Is There White Mold That Would Grow on Wood?

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Mold can grow on any surface that provides ample nutrients (in the form of cellulose). Wood, by its very nature, provides nutrients for mold, and is therefore susceptible to almost all varieties. If mold spores settle on an area of moist wood, you may have a serious problem on your hands. Certain mold varieties may appear white due to a lack of pigmentation.

White Mold Types

  • Most mold varieties frequently found inside or outside the home (with the exception of Stachybotrys chartarum, or black mold) can appear white at some stage of their development. For example, Cladosporium, which Advanced Mold Inspections recognizes as the most common household mold, can appear white, as can early stage Bipolaris (another variety frequently found in the home). Penicillium and and Aspergillus can also appear on wood as a white, patchy presence.

Powdery Mildew

  • Powdery mildew is another white fungus entirely, but it can also appear on wood since it thrives on plant-based material. Powdery mildew has much in common with mold, such as its velvety appearance, its need for moisture and its ability to rapidly multiply its spores. Powdery mildew may appear as a white, chalky material on wood, and you may mistake it for mold. Though it grows on living plants by nature, it can spread to wood structures such as nearby fences and walls.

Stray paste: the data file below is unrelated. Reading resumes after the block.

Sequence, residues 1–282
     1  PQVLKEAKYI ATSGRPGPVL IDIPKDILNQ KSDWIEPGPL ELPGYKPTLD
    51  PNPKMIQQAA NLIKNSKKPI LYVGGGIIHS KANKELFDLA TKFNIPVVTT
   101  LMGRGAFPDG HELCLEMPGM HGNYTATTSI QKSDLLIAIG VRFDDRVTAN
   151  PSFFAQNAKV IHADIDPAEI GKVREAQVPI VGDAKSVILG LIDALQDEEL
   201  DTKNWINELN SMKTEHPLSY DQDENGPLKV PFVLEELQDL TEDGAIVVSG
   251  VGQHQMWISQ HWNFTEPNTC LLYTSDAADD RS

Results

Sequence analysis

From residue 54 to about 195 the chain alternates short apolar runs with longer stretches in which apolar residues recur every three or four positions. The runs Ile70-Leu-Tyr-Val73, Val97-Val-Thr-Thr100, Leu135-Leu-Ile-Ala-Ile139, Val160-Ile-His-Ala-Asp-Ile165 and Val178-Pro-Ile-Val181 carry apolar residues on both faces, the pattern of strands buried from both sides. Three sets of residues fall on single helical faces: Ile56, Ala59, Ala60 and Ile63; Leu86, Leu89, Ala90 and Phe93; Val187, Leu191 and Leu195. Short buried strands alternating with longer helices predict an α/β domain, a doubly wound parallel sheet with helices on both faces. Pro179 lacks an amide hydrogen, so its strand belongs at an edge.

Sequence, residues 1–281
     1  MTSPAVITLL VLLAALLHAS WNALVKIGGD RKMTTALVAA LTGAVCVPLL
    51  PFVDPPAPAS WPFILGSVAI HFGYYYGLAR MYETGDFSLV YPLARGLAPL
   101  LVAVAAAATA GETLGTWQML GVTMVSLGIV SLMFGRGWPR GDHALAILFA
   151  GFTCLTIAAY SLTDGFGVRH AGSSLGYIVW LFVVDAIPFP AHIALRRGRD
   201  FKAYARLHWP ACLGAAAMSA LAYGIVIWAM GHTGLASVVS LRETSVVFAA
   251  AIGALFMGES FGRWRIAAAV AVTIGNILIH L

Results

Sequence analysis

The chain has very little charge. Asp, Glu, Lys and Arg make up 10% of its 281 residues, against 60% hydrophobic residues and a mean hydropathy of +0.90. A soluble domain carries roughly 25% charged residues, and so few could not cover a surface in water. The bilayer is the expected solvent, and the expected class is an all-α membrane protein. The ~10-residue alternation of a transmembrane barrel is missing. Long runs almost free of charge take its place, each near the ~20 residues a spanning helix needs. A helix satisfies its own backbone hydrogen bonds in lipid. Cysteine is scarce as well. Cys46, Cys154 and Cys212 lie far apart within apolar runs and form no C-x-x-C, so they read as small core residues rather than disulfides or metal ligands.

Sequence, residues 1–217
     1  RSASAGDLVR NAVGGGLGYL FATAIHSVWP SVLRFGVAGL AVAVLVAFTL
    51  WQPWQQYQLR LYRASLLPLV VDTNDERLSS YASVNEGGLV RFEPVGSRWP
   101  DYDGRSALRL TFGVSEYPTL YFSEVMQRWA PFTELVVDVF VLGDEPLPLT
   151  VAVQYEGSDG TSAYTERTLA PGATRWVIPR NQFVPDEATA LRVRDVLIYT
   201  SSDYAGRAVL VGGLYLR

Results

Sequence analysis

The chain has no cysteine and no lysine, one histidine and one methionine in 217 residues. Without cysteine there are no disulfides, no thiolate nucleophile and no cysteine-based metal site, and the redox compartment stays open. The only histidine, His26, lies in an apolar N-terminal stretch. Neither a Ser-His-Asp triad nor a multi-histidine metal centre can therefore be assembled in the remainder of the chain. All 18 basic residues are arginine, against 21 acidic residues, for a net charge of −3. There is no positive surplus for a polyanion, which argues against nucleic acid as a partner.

White Mold Dangers

  • Just as not all black-colored molds constitute the dreaded "black mold," not all white molds carry the same dangers. For example, Cladosporium is nontoxic, but varieties like Bipolaris, Penicillium and Aspergillus can release disease-causing mycotoxins. You cannot assess the dangers of any mold just by looking at it, and so you will need to contact a mold-removal specialist for a proper diagnosis.

Removing White Molds

  • For powdery mildew, apply a commercial fungicide containing neem oil. If you have powdery mildew, you should notice signs of it on leaves or plants in the surrounding area. If you cannot find any such problem, you most likely have mold. For mold, mix 1 cup bleach with 1 gallon water and spray it over the wood. Scrub after 15 minutes and rinse. Dry the wood by hand if you have no natural sunlight to remove the moisture.

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